The anthology’s last three discs, Masters and Mentors, illustrate the significance of relationships across time. Because so little of tap’s history has been written down, the men and women who have passed down the form by way of body and sound, are responsible for tap’s legacy and its future. Discs Three through Five pay tribute   to the masters and mentors of the art, and honor the range of styles tap dance has seen over the last century. Notable guests such as Eddie Brown, known for his long career as a tap soloist in nightclubs alongside such jazz greats as Jimmie Lunceford, Duke Ellington, and Dizzie Gillespie, and Jimmy Slyde, who regularly performed with 1930’s big bands such as the Count Basie Orchestra, play feature roles in the collection’s third disc, Rhythm Tap Legends. An opening duet danced by a 73-year-old Eddie Brown and nine-year old Jason Rodgers shows the power of mentorship and its ability to bridge generations. As the two dance Brown’s “B.S. Chorus,” a young Rodgers dances confidently and energetically, embodying the Africanist aesthetic of ephebism. Still, he occasionally glances up at Brown for a smirk of approval. That this relationship is captured in the anthology becomes all the more important when viewers learn that Brown died only one year after his memorable performance with Rodgers. This DVD also captures Slyde reminiscing a bit about the dancers who inspired him—Steve Condos, Cookie Cook, Ralph Brown—and the dancers he has seen mature, like JTE company member Derick Grant, who, Slyde claims was like a “little Babe Ruth” growing up in Boston and major inspiration to him.

One of the strengths of the last three discs is the way they materialize the passing down of an aural (and oral) tradition by way of the body. Seeing Brown dance alongside Rodgers, or Dally share the stage with one of her biggest influences, Brenda Bufalino, in a duet choreographed to Monk’s “In Walked Bud,” shows the body as a vessel for absorbing history and as an instrument for change. Years of rhythmic collaboration and friendship between Dally and Bufalino made them pioneers in securing level ground for women in tap. “In Walked Bud” represents just that, a reclaiming of the stage that had for so long been dominated by men. In addition to showing how a company like JTE helped to equalize the tap dance stage, this collection of footage reveals how it integrated a historically racialized space. Despite tap’s intrinsic hybridity, the black and white bodies responsible for its development have found themselves on separate stages. Pieces like “Interplay” (1995) choreographed by Slyde and performed by Dally’s diverse company, however, advocate for the integration of tap dance. “Interplay” is as much collaboration as it is an opportunity for individual company members to have a moment in the spotlight. At times the tap dancers provide the only audible music while at others they hold still and let the musicians solo. Everyone plays together in this dance; rhythmic communication dissolves markers and boundaries.

“Dissolving Boundaries” could in fact be another name for Discs Four and Five, which feature some of the many famous guests JTE has shared the stage with over the last three decades. The Entertainers and New Ideas continue the work of Disc Three, bridging generational gaps, recategorizing distinctions between dancers and musicians, and disbanding long-seen racial divides on the tap dance stage. These two discs also bring together the array of styles that both tap and jazz have contributed to America’s identity thus showing the complexity of these performance mediums and challenging the notion that a particular type of body belongs to a particular aesthetic.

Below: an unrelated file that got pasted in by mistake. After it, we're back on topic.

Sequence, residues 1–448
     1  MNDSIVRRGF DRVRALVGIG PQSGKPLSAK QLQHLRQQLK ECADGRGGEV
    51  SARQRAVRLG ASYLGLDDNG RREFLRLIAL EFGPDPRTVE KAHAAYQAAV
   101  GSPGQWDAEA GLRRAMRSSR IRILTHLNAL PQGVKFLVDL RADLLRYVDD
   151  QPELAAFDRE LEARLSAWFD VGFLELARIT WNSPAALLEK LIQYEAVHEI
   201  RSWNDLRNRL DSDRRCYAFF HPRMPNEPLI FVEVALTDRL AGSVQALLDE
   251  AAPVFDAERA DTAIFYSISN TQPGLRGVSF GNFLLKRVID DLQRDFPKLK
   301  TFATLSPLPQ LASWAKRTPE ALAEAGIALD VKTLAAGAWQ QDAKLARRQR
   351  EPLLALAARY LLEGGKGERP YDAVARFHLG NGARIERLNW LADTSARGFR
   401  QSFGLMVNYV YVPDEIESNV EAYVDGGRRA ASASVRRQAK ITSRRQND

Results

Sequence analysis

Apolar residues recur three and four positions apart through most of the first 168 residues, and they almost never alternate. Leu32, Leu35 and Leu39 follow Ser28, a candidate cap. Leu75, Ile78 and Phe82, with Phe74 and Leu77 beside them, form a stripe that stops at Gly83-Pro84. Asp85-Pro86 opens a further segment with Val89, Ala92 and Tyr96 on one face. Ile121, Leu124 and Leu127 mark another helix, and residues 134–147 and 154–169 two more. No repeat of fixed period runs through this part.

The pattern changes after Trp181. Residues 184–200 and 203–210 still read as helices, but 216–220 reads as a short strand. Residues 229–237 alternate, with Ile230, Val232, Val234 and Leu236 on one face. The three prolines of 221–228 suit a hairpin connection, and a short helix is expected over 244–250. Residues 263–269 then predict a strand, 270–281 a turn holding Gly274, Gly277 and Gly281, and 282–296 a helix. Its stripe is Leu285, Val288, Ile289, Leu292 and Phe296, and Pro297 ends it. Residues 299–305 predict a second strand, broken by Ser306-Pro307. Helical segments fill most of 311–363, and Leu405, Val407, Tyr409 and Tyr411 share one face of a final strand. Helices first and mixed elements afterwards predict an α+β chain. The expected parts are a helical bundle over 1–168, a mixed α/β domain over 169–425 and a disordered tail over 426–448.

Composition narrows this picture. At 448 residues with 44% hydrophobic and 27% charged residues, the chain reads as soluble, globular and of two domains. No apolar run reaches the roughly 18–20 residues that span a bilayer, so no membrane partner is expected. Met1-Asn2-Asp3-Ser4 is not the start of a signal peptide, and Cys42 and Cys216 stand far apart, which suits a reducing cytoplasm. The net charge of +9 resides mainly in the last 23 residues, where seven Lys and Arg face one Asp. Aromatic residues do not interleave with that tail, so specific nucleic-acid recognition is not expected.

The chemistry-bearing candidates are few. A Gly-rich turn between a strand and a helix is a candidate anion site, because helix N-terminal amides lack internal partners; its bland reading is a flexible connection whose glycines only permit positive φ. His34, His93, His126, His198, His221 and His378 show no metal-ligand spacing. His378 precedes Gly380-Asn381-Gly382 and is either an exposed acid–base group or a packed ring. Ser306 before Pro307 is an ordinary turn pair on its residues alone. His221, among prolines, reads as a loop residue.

While dancers like Brown or Slyde were well known performers to tap dancers of a certain era, they did not receive the same recognition outside the tap community that performers like Bill Robinson or Fred Astaire gained from long term exposure on the Hollywood screen. The Entertainers convokes both the living and the dead, bringing in guest artists such as Charles “Honi” Coles and the Nicholas Brothers to share the stage with the rest of the JTE ensemble as well as paying tribute to dancers like Eleanor Powell and the Condos Brothers by way of reconstructing classic choreographies of “The Hollywood Journey.” Over the course of the disc’s 54 minutes, one gets to know these innovators, not just as dancers or choreographers, but also as people. We watch many of these guests improvise, experience the way they seem to fit in perfectly with the rest of the company (despite the apparent discrepancy in age), listen to them share stories—even sing. They are true “entertainers,” but also bear witness to the challenges many black artists experienced in an industry run by white men. For those dancers no longer living, JTE honors their contribution by restaging immortal compositions. Coles pays respect to his mentor, Bill “Bojangles” Robinson with his rendition of “Doin’ the New Low Down.” As Dally remarks, “we stand on the shoulders of those who came before us.” Josette Wiggan and Michelle Dorrance perform a high-energy tribute to the Nicholas Brothers in their rendering of the Hollywood routine “Lucky Number” (1936). In addition to capturing the spirit of the Brothers, these women teach us that gender, color, and age are not requisite for “authentic” reconstructions, as other famous tap tributes have led audiences to believe over the years.

New Ideas, the collection’s final disc, is a tribute to a man that, “changed our lives …his generosity, sense of humor, and true creativity inspired everyone, dancer and non-dancer alike.”7 It tracks Gregory Hines’ long-standing relationship with JTE, one that survived up through the performer’s last few months of life. We see Hines in his element, performing in concert, rehearsing with the company, giving master classes across Los Angeles, and offering true artistry in several iterations of his work “Groove” that he created for JTE in 1998. His life was far too short, but New Ideas allows viewers to see a glimpse of the full life he lived and the great number of contributions he made to American dance. The final disc also shows the evolution of Dally’s choreography for JTE. Her early work was solely grounded in tap dance and evolved to encompass rhythm tap, flamenco, modern, and bharata natyam. “Solea” (2003) shows that tap is not just about collapsing binaries, but rather an opportunity to bring different worlds together through music.

Jazz Tap Originals celebrates inclusivity and creativity, foregrounding the interplay among people, the arts, and difference. As a work of art, it represents a virtuosic display of both tap dance and jazz. As a choreographic tool, it shows the benefits of collaboration and experimentation. As a film, it preserves histories, capturing people and stories as fleeting as performance itself. This anthology is an instrument for anyone wishing to explore concrete ways in which the Africanist aesthetic manifests on the American stage, understand the interdependency of tap dance and jazz, or examine   how art can challenge preconceived binaries, bringing people together through rhythm. Lynn Dally’s new work will prove an invaluable resource for teachers, artists, and art enthusiasts alike.

by Brynn Wein Shiovitz